News & Events
Mark Schultz Benefit Concert a Success for LifeBeat
Tears fell, and laughter and music rang out during A Night of Worship and Testimony with Mark Schultz on Thursday, August 18. Shoulders and heads swayed, and the lyrics of Remember Me resonated not only throughout the church sanctuary but also in the hearts of everyone who attended the benefit concert sponsored by LifeBeat Family Resource Center.
While the stage at Second Baptist Church in Union City, TN, served as a backdrop for the event, Schultz had a way of making you feel like you were front and center in his very own stories, all of which gave insight into his reason for writing a particular song and a deeper understanding of his lyrics.
He also had the ability to make you reflect on your own contribution to LifeBeat's cause; that is, to save the lives of women and children. His impassioned plea for support for the organization came from his gratitude toward the pregnancy crisis center that helped save his own life.
Even though Schultz's birth mother gave him up for adoption, he credits her as his hero because she made the decision to give him life. At just two weeks old, he was adopted into a loving family, and as an adult, he and his wife have continued along the adoption path by growing their family of four into six.
While there were certainly big fans of Schultz present at the concert, motives for attending the event went beyond great music and storytelling. Some attendees were there out of the desire to support LifeBeat's cause and help them raise the money they needed to purchase a mobile pregnancy clinic. Others wanted to celebrate the work the organization does because of a personal impact from an unplanned pregnancy.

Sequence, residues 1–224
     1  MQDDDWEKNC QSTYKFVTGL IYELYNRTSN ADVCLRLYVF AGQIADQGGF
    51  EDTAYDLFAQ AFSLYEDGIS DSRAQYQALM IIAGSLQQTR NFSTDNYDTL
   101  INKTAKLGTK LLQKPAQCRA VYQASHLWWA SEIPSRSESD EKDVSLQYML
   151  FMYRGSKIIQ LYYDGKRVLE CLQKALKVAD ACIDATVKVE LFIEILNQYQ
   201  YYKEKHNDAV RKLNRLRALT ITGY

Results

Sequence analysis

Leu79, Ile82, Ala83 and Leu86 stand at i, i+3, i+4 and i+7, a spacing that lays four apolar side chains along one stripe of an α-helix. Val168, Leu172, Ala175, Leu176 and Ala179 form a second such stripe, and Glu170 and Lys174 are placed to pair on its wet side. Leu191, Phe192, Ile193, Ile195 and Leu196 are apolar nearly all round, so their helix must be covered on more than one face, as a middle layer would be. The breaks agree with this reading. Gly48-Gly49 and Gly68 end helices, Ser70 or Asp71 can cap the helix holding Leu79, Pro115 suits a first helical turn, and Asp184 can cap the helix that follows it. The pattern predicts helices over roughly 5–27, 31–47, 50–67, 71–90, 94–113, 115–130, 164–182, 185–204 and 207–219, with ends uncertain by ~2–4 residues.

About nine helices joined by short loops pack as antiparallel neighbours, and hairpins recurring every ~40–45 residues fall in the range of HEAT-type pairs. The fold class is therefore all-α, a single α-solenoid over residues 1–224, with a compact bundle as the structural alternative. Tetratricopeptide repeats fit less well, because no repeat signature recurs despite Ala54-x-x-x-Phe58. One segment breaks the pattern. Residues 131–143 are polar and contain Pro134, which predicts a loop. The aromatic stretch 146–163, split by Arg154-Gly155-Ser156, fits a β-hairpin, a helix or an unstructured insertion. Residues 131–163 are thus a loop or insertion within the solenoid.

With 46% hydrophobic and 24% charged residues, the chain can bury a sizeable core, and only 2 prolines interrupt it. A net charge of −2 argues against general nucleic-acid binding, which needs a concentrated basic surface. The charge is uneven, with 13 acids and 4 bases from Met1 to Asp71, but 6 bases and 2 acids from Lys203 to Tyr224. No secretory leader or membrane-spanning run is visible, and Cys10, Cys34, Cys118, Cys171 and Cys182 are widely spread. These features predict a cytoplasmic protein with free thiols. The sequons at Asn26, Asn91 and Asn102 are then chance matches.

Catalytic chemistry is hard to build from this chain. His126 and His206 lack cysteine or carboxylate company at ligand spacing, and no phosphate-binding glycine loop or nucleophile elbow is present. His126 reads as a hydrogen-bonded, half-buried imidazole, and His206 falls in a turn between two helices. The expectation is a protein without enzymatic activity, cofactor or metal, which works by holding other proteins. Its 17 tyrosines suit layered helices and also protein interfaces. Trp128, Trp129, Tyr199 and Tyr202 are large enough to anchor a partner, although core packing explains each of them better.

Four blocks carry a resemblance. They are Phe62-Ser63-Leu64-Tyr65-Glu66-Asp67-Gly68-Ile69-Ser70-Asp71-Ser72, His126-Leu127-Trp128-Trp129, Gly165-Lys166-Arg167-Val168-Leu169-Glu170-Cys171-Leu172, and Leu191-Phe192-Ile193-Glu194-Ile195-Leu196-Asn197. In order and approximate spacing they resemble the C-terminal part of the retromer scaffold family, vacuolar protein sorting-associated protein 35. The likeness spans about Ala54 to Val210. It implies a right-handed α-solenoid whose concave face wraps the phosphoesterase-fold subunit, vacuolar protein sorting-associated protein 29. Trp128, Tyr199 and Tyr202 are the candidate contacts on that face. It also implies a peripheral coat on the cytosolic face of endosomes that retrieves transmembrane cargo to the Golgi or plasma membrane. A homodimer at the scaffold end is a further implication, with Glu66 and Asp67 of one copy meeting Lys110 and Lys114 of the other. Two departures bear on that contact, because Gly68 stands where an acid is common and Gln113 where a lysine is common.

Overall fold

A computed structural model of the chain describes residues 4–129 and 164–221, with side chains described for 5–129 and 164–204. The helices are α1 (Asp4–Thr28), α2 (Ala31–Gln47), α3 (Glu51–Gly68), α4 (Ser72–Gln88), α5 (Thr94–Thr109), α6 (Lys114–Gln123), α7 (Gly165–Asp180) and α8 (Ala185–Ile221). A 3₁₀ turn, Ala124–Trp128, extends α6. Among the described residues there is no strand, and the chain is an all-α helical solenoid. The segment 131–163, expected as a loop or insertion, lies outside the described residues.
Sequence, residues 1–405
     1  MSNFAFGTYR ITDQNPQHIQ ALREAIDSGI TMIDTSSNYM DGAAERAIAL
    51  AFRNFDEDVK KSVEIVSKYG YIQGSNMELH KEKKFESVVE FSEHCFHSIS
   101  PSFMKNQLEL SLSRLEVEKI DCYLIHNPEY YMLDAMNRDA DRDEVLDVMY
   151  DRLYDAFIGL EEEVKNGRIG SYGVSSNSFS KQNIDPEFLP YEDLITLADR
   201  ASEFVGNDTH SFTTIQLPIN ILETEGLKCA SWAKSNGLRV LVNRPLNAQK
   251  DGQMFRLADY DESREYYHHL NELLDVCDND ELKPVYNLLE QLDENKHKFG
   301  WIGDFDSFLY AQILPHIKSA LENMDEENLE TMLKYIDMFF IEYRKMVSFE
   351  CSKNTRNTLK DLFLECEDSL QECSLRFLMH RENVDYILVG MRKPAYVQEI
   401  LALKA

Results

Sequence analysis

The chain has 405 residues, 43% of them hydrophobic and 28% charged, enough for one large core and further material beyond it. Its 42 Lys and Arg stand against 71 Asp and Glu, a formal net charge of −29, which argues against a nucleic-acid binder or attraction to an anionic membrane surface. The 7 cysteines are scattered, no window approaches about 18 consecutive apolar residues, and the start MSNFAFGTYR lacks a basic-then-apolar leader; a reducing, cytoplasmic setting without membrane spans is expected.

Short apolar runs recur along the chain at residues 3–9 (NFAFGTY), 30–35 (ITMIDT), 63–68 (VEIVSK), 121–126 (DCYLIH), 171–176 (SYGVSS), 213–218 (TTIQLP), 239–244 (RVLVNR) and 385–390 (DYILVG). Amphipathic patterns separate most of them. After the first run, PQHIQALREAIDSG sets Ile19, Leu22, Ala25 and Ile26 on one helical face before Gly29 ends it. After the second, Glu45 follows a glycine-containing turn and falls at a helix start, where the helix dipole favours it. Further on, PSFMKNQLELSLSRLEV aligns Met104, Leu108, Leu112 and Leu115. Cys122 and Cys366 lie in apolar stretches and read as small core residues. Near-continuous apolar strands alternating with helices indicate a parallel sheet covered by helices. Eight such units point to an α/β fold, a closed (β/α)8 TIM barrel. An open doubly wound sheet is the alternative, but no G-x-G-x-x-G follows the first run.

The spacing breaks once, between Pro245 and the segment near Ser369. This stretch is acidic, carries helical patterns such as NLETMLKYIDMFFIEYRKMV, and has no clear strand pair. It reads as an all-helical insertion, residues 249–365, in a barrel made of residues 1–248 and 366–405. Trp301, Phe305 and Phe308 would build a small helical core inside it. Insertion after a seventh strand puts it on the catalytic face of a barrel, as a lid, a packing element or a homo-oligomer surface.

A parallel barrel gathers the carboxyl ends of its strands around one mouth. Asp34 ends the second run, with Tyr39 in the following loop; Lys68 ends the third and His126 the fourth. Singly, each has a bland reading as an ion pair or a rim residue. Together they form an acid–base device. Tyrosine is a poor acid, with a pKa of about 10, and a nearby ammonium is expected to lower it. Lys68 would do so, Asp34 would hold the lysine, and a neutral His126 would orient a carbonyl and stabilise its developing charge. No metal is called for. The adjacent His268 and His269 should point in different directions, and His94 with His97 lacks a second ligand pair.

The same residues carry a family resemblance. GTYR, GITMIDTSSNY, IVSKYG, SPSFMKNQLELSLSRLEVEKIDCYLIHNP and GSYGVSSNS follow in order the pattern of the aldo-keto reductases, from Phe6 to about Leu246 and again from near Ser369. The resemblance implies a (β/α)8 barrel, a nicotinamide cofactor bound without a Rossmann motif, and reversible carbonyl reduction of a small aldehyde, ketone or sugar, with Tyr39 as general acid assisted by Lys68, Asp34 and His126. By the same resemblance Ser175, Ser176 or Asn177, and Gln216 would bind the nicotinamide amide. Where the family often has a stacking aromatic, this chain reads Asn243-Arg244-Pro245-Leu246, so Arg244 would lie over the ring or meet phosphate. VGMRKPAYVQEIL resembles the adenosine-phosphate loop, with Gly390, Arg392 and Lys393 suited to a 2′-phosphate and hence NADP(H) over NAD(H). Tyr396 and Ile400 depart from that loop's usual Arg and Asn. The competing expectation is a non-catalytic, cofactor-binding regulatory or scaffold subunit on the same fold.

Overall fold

Maureen Pagan of Dyersburg drew on her own experience while explaining her reason for attending. She said, "There have been unexpected pregnancies in my family, both for my sister and me. I want to support life as much as possible, so when I saw the opportunity, I just had to come."
Chuck and Rachel Graham, pastors of Willingham Memorial Baptist Church in Ridgely, chose to attend because they are passionate about LifeBeat's work. Rachel said, "It's a wonderful cause, [and we want] to do all we can to help."
Schultz hopes the event triggers the desire to get involved. He said that sharing the particulars of his family and their story and emphasizing that half of his family is adopted will hopefully raise awareness, [help LifeBeat] raise money, and encourage people to volunteer. He said, "Once you open your arms and say, 'I'm in' to God's story, you write a much bigger story, and that's what [this ministry] is writing here."
Dee Keeling, Director of LifeBeat, hopes those who attended the event will understand how precious life is and see the direct impact adoption has on families. She encourages girls and women to visit both Crossroads Women's Clinic and the mobile clinic that will soon be in operation. "LifeBeat is a place where [you] can feel loved and supported, not condemned. We're here to help," she said.
The ministry's services extend beyond free healthcare for women to counseling for men in the community. Schultz hopes that men can look at an unplanned pregnancy through a different lens. He encourages men to think about what they can give instead of what they can get out of a situation, a practice he implements with his boys. He suggests looking at things from all perspectives, including that of the baby and the mother. "Then, be a man. Think about how [you] can serve and how [you] can give and be led that way,” he said.
Funds raised through the benefit concert helped LifeBeat meet its goal of purchasing a mobile pregnancy clinic, which has since been named Hope. It should be ready as early as December of this year. However, donations are still needed to purchase a mobile ultrasound machine and to help maintain the unit, medical supplies, medical insurance, and medical team, whose hours on the job will soon increase.
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